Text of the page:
Stanford Medicine researchers take early, critical step toward growing organs | News Center

The severe shortage of organs available for human transplant has forced researchers to get creative in generating new ones. Some have pinned their hopes on pigs; others aim to grow organs in a dish — but these efforts have been largely fruitless or plagued by complications.

An approach that’s been simultaneously the most promising and the least successful is developing human organs in animals. But new research from scientists at the Stanford School of Medicine and their collaborators lays the very preliminary groundwork for a technique that might provide scientists with a revived pathway for this type of organ generation.

To show that such an approach is feasible, one would need to demonstrate that human stem cells (which grow into specialized cells and parts of the body, including organs) could survive within the early embryo of an animal, which acts as a sort of biological incubator. But the options for developing those cells are appropriately limited: Laws in the United States — and scientific ethics — carefully prohibit the option of experimenting with chimeras (a mixture of two genetically different cells) between humans and primates, explained Michael Snyder, PhD, professor and chair of genetics.

Instead, the team has turned to the cells of non-human primates to act as a proxy. “We’re using chimpanzee cells in this study because we know they are very close, genetically, to human cells. We show that chimpanzee stem cells can survive in a different animal model — in this case, a rhesus macaque — with the hope that viability will let us further explore organ generation down the line,” said Hiromitsu Nakauchi, MD, PhD, professor of genetics . “This is our long-term goal. And it’s not easy.”

Other research teams have tried this approach, but none had been successful. Only when Stanford veterinary research scientist Morteza Roodgar, DVM, PhD, developed a new method to generate more stable, robust chimpanzee pluripotent stem cells, which possess the capability to grow into any tissue type, did the team find renewed hope for the method.

A paper describing the team’s findings was published in Cell Reports Aug. 30. Snyder, who is the Stanford W. Ascherman, MD, FASC, Professor in Genetics; Nakauchi; and Catherine VandeVoort, PhD, a professor at the UC Davis Primate Research Center, are co-senior authors of the study. Roodgar is the lead author.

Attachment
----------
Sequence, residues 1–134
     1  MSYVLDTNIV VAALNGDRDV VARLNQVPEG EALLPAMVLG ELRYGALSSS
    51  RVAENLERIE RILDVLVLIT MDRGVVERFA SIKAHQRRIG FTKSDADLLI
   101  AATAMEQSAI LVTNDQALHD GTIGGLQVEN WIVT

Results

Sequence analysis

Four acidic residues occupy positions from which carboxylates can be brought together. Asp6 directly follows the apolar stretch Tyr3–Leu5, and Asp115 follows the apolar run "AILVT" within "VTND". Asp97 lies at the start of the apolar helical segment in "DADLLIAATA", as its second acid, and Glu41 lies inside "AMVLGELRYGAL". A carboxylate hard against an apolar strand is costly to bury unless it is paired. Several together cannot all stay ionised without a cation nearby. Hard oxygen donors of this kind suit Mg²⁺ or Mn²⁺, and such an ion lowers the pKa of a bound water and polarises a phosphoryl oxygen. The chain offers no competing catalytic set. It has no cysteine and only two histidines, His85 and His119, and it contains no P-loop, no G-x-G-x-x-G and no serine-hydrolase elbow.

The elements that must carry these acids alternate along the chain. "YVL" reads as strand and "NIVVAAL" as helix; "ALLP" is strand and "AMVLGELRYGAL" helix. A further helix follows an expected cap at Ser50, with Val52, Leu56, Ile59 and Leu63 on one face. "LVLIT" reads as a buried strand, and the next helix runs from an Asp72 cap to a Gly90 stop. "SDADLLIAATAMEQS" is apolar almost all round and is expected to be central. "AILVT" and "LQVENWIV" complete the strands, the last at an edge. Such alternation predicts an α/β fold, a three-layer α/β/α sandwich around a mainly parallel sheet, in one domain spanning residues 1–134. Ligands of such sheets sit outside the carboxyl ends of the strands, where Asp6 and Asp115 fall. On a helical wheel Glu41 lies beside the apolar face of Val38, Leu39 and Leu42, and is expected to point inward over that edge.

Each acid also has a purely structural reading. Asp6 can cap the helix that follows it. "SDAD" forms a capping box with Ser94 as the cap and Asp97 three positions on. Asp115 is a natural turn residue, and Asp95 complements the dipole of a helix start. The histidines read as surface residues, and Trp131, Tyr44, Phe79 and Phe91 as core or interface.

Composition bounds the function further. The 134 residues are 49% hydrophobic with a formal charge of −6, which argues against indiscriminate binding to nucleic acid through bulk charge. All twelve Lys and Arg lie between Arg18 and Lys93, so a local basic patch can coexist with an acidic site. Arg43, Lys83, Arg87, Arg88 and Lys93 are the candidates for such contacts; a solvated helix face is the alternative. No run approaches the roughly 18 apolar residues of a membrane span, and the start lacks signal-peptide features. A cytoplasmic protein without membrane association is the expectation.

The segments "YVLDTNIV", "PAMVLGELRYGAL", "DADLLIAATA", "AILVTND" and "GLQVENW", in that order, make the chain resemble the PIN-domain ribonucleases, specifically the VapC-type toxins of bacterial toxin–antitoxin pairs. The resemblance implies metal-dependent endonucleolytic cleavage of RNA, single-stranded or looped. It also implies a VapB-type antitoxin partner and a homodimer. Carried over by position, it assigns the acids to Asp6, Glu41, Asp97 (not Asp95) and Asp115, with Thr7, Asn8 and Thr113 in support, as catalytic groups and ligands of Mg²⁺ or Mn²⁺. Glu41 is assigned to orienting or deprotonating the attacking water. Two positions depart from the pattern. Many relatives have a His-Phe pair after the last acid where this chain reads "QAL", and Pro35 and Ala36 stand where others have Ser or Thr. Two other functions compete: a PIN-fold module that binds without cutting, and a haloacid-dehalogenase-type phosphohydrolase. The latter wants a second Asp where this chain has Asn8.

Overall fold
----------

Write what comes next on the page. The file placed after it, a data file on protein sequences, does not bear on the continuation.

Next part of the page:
A door once closed, now ajar

Scientists have been chasing the prospect of generating human organs in animals for years—many even consider it a holy grail of organ genesis. Using a person’s own stem cells to grow, say, a new liver, would circumvent any possibility of rejection, as the new tissue would reflect their natural biological makeup — and it would remove the often excruciatingly long wait time on transplant lists.

Nakauchi is a pioneer and longtime proponent of interspecies organ generation. In his early work, he has demonstrated that it’s possible to create a rat pancreas in a mouse. His team then showed that the organs generated inside the body of another species can be transplanted back to the original species without rejection. “If this principle were to work between humans and large animals, it would be possible to produce human organs in an animal, such as a pig,” Nakauchi said.

Primate and rodent biology, however, can be worlds apart, so scientists needed to replicate the rodent results in primates. But culturing chimpanzee stem cells proved difficult. They were finicky, wily and otherwise unruly in a dish, dying prematurely and differentiating, or growing into specific cell types, when they weren’t supposed to. (Part of creating good-quality stem cells is ensuring that the cells are stable so they can be programmed to transform into a specific tissue type, Roodgar said.) After many failed experiments, momentum in the field petered out.